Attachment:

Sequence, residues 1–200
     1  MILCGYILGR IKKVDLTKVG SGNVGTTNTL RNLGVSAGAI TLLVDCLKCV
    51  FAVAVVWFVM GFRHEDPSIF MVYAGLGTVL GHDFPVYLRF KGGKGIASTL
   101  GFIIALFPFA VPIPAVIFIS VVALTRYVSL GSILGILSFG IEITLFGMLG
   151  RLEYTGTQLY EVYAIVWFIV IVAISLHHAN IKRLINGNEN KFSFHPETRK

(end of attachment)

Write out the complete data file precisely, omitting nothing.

Sequence, residues 1–200
     1  MILCGYILGR IKKVDLTKVG SGNVGTTNTL RNLGVSAGAI TLLVDCLKCV
    51  FAVAVVWFVM GFRHEDPSIF MVYAGLGTVL GHDFPVYLRF KGGKGIASTL
   101  GFIIALFPFA VPIPAVIFIS VVALTRYVSL GSILGILSFG IEITLFGMLG
   151  RLEYTGTQLY EVYAIVWFIV IVAISLHHAN IKRLINGNEN KFSFHPETRK